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External Tank Draws Facebook Questions
The external tank with boostersThe dark orange external tank is the largest component of the space shuttle stack. It holds 535,000 gallons of liquid hydrogen and liquid oxygen for the shuttle's three main engines. Photo credit: NASA/Troy Cryder
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The junction between the two tanks. A look inside the external tank shows the junction of the liquid oxygen tank on top and the liquid hydrogen tank on the bottoom. The intertank joins the two tanks together to make a complete external tank. Photo credit: NASA/Frank Michaux
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Space shuttle Discovery's external fuel tank has taken on a bit of a starring role for the STS-133 mission because of the extra work needed to handle the unexpected challenges presented by the tank's stringers.

Technicians have been working on the stringers as the shuttle stands inside the Vehicle Assembly Building. Some of the 108 stringers, which are support beams that make up the corrugated intertank portion of the external tank, developed small cracks during fueling for a Nov. 5, 2010, launch attempt. Examinations performed following a fueling test revealed cracks on other stringers.

In considering the challenges posed by the stringers after a few cracks were discovered, NASA fans and the general public found an appetite for more information about the largest single component of a space shuttle "stack."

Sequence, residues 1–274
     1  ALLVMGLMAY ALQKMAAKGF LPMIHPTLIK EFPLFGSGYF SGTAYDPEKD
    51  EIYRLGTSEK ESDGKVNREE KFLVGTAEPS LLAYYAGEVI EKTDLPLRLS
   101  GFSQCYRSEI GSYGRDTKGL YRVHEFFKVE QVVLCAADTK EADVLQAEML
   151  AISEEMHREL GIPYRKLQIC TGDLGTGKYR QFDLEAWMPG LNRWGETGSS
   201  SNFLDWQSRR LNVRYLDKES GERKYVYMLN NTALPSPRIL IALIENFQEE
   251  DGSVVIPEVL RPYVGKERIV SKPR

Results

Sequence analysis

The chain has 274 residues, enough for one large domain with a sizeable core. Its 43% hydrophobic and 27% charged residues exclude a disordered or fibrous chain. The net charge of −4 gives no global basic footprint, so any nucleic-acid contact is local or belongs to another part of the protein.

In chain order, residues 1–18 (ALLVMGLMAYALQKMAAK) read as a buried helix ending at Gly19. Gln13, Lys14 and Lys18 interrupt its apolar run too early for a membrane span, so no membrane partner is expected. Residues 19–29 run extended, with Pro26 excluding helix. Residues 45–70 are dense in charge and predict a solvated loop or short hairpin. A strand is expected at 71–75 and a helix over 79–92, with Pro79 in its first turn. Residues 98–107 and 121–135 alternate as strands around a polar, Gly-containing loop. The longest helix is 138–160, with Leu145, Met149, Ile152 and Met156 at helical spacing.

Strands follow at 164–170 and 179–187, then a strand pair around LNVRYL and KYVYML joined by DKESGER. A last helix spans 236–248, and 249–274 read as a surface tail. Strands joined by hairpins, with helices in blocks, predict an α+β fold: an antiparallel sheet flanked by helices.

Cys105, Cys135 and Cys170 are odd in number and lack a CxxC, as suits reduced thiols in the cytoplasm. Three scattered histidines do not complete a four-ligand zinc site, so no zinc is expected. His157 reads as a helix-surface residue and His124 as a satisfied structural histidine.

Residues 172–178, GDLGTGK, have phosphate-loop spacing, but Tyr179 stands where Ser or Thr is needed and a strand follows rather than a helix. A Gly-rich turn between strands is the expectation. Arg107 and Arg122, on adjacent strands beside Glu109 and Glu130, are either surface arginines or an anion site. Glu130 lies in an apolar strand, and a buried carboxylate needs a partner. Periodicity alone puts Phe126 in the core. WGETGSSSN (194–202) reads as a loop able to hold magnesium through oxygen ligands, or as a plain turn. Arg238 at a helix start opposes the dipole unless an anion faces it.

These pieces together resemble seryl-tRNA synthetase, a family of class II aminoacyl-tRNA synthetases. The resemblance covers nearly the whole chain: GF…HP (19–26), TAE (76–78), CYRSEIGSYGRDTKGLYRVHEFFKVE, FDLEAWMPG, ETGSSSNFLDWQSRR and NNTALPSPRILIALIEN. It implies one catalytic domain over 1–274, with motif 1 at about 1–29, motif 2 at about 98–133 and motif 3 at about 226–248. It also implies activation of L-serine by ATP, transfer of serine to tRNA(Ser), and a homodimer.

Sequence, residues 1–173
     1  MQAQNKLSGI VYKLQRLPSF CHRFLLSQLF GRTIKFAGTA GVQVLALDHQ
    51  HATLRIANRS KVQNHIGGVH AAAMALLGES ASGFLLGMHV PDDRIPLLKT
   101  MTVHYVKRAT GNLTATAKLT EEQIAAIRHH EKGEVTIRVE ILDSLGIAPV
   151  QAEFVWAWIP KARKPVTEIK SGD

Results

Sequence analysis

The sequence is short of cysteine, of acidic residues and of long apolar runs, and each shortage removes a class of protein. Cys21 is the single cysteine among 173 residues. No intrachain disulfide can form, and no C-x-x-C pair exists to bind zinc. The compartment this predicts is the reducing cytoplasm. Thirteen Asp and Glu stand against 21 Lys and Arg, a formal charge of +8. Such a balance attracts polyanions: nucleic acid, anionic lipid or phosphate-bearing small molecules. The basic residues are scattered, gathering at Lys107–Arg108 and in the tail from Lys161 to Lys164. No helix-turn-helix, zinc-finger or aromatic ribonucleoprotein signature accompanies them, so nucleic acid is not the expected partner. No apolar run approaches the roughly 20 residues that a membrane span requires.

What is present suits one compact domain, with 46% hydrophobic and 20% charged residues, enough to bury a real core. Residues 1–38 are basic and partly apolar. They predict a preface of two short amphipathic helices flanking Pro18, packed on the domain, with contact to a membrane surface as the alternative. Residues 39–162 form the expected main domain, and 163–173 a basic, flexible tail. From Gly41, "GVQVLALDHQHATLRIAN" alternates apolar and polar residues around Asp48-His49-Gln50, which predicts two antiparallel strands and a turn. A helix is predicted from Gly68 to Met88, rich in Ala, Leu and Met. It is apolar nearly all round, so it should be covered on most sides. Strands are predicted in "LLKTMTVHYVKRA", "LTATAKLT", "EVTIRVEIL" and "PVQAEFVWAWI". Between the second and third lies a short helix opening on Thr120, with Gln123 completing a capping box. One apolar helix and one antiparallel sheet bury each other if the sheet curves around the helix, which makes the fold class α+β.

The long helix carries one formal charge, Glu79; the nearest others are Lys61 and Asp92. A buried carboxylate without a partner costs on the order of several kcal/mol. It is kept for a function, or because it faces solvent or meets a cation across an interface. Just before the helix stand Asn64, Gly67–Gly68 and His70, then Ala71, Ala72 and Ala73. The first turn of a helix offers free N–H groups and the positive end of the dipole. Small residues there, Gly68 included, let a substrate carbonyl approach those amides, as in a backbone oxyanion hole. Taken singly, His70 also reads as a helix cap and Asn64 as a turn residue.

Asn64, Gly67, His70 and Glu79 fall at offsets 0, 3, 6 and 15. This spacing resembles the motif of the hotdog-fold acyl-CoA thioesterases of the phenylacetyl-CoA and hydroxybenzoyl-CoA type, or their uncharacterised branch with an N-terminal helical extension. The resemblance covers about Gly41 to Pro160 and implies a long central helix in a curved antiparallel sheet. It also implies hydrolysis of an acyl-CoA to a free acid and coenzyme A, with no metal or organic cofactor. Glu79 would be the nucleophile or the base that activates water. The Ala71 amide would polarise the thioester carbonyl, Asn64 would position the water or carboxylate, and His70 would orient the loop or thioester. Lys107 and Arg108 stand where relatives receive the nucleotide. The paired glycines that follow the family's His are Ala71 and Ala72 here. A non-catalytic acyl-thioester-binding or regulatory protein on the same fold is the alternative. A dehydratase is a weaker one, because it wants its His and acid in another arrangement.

As part of NASA's continuing social media interaction, Facebook users were given the chance to ask Kennedy's external tank expert about the modifications and the one-of-a-kind role the tank plays. Kennedy's Facebook page has drawn about 60,000 friends, with some 130,000 following the center on Twitter.

Alicia Mendoza is NASA's External Tank and Solid Rocket Booster vehicle manager at Kennedy and in between preparing the tank for Discovery's targeted launch on Feb. 24, she discussed some of the things that went into designing the tank, why it looks the way it does and why it is not recovered for re-use the way the rest of the stack is.

To save time, the two dozen questions posted to Kennedy's Facebook page were trimmed to six that covered the broadest areas. First, a few basics about the tank:

At 15 stories tall and sporting an outer shell of dark orange insulation but with no engines of its own, the tank serves the shuttle's three main engines. It is actually two tanks on top of each other, with a support ring -- including the stringers -- holding them together. The tank holds about 535,000 gallons of liquid hydrogen and liquid oxygen. Both propellants are cryogenic, which means they are super-cold. The oxygen is chilled and pressurized to minus 297 degrees F in its liquid form and the liquid hydrogen buries the temperature needle to minus 423 degrees F.

A gallon of liquid oxygen weighs about 8.5 pounds while the hydrogen is much lighter, even in liquid form, at about half a pound per gallon. But even though the chemicals may not sound heavy by the gallon, the three main engines use so much propellant that carrying it all into orbit would make an impractically large and heavy orbiter.

Therefore, NASA designed the tank to be jettisoned just as the shuttle makes it into orbit. The tank descends through the atmosphere where some of it burns up and the rest crumples and falls harmlessly into the Indian Ocean.

And now, the questions and Mendoza's answers:

Question: You're making unprecedented changes to the intertank. How do you model or simulate the results to prevent unintended consequences?